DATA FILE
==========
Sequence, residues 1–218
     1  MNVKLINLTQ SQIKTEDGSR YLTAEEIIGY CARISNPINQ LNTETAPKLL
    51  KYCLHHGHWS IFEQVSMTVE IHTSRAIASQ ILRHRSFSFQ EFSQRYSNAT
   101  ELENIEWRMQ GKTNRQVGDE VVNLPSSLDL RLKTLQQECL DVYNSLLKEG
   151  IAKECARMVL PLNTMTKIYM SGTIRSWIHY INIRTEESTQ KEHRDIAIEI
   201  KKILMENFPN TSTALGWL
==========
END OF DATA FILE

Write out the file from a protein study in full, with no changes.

Sequence, residues 1–218
     1  MNVKLINLTQ SQIKTEDGSR YLTAEEIIGY CARISNPINQ LNTETAPKLL
    51  KYCLHHGHWS IFEQVSMTVE IHTSRAIASQ ILRHRSFSFQ EFSQRYSNAT
   101  ELENIEWRMQ GKTNRQVGDE VVNLPSSLDL RLKTLQQECL DVYNSLLKEG
   151  IAKECARMVL PLNTMTKIYM SGTIRSWIHY INIRTEESTQ KEHRDIAIEI
   201  KKILMENFPN TSTALGWL